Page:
I quoted a Matthew McConaughey speech in a post a few weeks back (to reach your goals look beyond them). The entire speech, given at the University of Houston commencement in 2015, is an invaluable resource on life, how to approach it, learn from it, and succeed in it. McConaughey provides his advice in the form of 13 truths.
“Now they may be truths to me, but don’t think that that makes them mine because you cannot own a truth. So please think of these as signposts, approaches, paradigms, that give some science to satisfaction. They’re yours to steal, they’re yours to share, liken to your own lives, and to personally apply in your own lives, in your own way, should you choose to.”
The following are the 13 truths with select quotes that I found to be particularly insightful:
Life is not easy.
“Life’s not easy, it is not. Don’t try to make it that way. Life’s not fair, it never was, it isn’t now, and it won’t ever be. Do not fall into the trap—the entitlement trap—of feeling like you’re a victim. You are not. Get over it and get on with it. And yes, most things are rewarding when you break a sweat to get them.”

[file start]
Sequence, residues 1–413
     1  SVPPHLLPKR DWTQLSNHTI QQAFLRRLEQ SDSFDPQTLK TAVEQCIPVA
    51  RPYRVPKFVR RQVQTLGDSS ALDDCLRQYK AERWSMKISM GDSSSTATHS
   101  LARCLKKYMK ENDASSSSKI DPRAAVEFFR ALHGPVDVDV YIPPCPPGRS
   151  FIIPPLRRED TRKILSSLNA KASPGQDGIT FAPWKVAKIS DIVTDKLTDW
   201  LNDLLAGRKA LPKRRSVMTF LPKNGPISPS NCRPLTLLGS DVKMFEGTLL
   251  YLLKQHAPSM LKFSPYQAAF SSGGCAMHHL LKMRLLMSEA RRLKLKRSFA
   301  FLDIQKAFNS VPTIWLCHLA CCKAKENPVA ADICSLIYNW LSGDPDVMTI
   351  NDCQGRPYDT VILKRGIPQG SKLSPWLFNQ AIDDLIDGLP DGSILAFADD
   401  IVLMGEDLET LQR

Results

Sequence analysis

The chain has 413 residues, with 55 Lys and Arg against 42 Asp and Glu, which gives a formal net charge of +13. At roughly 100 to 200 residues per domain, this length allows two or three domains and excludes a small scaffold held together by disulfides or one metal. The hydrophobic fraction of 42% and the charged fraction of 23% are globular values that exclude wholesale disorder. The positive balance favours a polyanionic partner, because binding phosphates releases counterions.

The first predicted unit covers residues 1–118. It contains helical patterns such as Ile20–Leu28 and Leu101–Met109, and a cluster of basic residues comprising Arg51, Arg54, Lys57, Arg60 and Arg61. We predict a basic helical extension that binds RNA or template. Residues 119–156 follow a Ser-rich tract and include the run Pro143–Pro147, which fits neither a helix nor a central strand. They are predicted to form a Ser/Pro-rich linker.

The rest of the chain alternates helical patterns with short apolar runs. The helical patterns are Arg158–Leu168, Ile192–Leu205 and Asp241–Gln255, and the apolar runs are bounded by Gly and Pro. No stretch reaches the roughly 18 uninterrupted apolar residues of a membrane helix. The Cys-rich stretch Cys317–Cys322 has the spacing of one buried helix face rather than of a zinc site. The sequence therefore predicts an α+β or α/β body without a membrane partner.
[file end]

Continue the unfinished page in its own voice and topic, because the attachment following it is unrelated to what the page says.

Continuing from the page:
Nothing that humans do is unbelievable.
“Unbelievable is the stupidest word in the dictionary. It should never come out of our mouths . . . Give others and yourself more credit . . . Nothing that we homo sapiens earthlings do is unbelievable . . . Acknowledge the acts of greatness as real. And do not be naïve about mankind’s capacity for evil, nor be in denial of our own shortcomings.”
Seek joy, not happiness.
“Happiness is an emotional response to an outcome. If I win I will be happy. If I don’t I won’t. It’s an if-then, cause and effect, quid pro quo standard that we cannot sustain because we immediately raise it every time we obtain it. See happiness—happiness demands a certain outcome. It is result reliant. And I say if happiness is what you’re after you’re going to be let down frequently and you’re going to be unhappy much of your time.
Joy though, joy is a different thing. It’s not a choice. It’s not a response to some result. It’s a constant. Joy is the feeling that we have from doing what we are fashioned to do. No matter the outcome.”
Define success for yourself.
“We all want to succeed, right? So the question that we have to ask ourselves is, “What success is to us? What success is to you?”